19 of 20 found this interesting Interesting? | Share this
Share this: Facebook   |  Twitter   |  Permalink
This earned Spencer Tracy the first of his nine Oscar nominations.
24 of 26 found this interesting Interesting? | Share this
Share this: Facebook   |  Twitter   |  Permalink
This and another M-G-M hit. The Great Ziegfeld, were the two top-grossing films of 1936.
22 of 24 found this interesting Interesting? | Share this
Share this: Facebook   |  Twitter   |  Permalink
The entire shoot took place on MGM soundstages and the studio backlot.
11 of 11 found this interesting Interesting? | Share this
Share this: Facebook   |  Twitter   |  Permalink
Al Shean (born Adolph Schoenberg), who plays the Professor in the film, was half of one of the most popular teams in vaudeville--Gallagher and Shean. He was also the younger brother of Minnie Marx, the matriarch of The Marx Brothers clan, and was instrumental in writing many of the sketches that his madcap nephews first performed on the vaudeville circuit before their enormous success on Broadway and in Hollywood.
19 of 21 found this interesting Interesting? | Share this
Share this: Facebook   |  Twitter   |  Permalink
Spencer Tracy, playing a priest, makes a note to himself in one scene, "That Rooney kid skipped Mass again . . . " Two years later he again plays a priest in Boys Town (1938) who is tasked with reforming a boy played by Mickey Rooney.
21 of 24 found this interesting Interesting? | Share this
Share this: Facebook   |  Twitter   |  Permalink
The film took 52 days to shoot at a cost of $1.3 million--an expensive film for its day.
13 of 14 found this interesting Interesting? | Share this
Share this: Facebook   |  Twitter   |  Permalink
Before filming his first love scene with Jeanette MacDonald--whom he did not like and did not enjoy working with--Clark Gable reportedly filled up on a big spaghetti lunch. When the time came for him to kiss MacDonald, his breath was so bad from garlic that she nearly fainted.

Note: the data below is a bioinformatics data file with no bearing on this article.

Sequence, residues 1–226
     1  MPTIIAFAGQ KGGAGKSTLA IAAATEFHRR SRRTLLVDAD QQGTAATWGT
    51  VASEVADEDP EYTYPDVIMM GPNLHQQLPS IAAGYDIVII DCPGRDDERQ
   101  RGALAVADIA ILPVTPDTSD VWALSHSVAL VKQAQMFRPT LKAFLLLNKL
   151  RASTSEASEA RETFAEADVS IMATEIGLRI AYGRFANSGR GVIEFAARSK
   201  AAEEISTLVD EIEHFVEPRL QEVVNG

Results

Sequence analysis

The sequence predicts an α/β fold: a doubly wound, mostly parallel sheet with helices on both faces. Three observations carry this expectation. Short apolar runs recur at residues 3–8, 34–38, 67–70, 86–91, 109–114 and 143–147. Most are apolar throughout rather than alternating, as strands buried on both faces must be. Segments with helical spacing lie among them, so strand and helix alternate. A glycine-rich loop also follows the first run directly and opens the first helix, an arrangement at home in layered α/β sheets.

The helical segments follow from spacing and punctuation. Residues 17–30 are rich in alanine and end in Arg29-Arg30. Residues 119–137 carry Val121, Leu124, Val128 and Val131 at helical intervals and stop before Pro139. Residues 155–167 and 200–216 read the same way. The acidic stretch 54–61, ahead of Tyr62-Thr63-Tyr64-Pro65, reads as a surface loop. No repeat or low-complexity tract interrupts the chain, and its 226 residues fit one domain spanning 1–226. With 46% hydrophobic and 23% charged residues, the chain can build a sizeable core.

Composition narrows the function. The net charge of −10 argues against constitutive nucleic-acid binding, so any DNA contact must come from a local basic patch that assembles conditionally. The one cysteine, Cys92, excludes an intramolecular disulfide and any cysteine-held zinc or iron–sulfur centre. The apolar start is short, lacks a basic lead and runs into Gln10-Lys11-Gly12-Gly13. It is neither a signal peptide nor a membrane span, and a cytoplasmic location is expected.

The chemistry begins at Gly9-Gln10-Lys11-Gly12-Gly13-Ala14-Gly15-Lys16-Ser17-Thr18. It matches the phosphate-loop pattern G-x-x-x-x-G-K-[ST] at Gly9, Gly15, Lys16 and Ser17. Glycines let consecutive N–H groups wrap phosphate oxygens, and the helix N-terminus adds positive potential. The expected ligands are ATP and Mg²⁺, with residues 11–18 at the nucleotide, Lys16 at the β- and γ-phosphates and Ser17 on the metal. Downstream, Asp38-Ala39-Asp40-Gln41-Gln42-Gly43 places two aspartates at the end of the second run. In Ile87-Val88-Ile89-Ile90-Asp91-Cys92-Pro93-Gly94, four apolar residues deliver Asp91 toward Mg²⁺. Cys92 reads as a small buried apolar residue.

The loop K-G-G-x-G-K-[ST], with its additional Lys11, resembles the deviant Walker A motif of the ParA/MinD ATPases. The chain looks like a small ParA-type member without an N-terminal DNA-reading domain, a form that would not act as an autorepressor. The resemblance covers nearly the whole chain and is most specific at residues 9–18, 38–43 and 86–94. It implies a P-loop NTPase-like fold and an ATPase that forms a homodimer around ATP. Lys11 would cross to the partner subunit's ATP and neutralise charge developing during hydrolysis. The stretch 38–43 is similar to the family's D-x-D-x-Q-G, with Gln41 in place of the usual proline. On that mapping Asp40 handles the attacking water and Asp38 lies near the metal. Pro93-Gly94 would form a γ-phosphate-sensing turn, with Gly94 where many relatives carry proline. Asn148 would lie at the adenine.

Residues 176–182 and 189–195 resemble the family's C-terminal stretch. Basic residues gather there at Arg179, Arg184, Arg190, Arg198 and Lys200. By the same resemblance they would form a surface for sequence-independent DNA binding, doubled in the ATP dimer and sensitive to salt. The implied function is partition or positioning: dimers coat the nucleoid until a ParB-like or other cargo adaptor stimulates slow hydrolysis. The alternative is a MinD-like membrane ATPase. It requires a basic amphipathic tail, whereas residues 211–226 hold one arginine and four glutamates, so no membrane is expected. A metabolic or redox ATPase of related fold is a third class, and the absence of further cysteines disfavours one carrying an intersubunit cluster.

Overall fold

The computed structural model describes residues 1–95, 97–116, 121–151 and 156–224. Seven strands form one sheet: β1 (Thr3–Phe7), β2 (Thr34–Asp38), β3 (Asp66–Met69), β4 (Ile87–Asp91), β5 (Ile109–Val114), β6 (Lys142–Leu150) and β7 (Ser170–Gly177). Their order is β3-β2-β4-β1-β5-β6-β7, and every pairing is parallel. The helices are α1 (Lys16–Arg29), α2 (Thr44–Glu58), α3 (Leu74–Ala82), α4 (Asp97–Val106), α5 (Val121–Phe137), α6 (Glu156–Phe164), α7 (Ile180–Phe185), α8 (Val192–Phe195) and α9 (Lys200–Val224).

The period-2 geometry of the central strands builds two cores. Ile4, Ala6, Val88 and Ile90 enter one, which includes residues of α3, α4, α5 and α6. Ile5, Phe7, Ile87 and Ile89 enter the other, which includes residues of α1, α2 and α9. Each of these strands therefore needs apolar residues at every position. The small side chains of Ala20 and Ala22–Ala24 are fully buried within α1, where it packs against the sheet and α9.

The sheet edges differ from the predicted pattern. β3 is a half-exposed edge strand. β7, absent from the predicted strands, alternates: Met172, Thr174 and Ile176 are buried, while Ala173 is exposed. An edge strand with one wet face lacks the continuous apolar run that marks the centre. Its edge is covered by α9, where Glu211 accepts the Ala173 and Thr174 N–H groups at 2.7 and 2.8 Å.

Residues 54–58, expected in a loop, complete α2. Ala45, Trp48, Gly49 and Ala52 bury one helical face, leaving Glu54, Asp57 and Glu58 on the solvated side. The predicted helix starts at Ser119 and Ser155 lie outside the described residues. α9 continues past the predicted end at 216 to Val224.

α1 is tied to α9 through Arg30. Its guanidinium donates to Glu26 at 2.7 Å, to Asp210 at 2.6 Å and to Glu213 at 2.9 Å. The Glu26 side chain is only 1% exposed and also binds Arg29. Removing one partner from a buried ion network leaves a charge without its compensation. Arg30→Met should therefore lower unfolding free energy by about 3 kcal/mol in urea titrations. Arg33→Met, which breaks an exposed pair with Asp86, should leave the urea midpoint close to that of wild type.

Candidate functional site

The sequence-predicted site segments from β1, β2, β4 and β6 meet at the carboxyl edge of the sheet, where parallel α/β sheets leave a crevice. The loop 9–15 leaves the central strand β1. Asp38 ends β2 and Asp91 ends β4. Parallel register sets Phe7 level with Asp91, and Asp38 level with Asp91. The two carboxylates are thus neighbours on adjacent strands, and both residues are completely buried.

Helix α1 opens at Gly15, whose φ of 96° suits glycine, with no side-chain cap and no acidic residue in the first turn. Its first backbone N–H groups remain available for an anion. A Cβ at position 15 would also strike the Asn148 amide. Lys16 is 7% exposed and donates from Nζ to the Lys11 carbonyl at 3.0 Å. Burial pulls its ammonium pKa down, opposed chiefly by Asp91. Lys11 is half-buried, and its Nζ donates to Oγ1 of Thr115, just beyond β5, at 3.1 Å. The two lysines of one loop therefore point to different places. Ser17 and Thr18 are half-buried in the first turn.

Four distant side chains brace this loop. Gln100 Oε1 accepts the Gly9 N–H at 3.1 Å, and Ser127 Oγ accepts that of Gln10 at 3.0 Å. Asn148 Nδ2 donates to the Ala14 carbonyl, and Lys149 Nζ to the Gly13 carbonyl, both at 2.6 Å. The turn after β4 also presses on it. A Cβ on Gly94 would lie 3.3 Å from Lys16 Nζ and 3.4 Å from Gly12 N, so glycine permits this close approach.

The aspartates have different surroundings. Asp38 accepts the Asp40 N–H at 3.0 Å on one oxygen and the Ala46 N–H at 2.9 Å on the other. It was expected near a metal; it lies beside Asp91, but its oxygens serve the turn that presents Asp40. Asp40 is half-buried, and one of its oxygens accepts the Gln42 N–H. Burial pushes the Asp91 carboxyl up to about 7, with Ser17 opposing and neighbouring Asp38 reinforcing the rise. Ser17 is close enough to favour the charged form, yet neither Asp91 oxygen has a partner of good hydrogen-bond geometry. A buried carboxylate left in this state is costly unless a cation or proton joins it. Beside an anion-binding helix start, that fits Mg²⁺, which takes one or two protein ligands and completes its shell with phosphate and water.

12 of 13 found this interesting Interesting? | Share this
Share this: Facebook   |  Twitter   |  Permalink
Spencer Tracy initially had qualms about appearing in the film because he was unsure about playing a priest. A devout Catholic, Tracy felt that he might be betraying his faith by trying to impersonate a priest for the movies. Ironically, two years later Tracy would win an Oscar for playing a priest in Boys Town (1938).
15 of 17 found this interesting Interesting? | Share this
Share this: Facebook   |  Twitter   |  Permalink
The character of Blackie Norton was inspired by Wilson Mizner, a fellow writer of Robert E. Hopkins and Anita Loos, who had worked on Broadway and at Warner Brothers and had died several years earlier, He was a notorious huckster, con artist and womanizer, with connections in gambling and underworld circles.
11 of 12 found this interesting Interesting? | Share this
Share this: Facebook   |  Twitter   |  Permalink
This film was designed as a vehicle for Jeanette MacDonald while her regular singing partner Nelson Eddy was off on a nationwide concert tour.
12 of 14 found this interesting Interesting? | Share this
Share this: Facebook   |  Twitter   |  Permalink
The success of this film convinced Darryl F. Zanuck to set up his own disaster movie at 20th Century-Fox. In 1938, In Old Chicago (1938) teaming Don Ameche, Alice Faye and Tyrone Power, proved to be almost as big a hit with audiences as San Francisco
12 of 14 found this interesting Interesting? | Share this
Share this: Facebook   |  Twitter   |  Permalink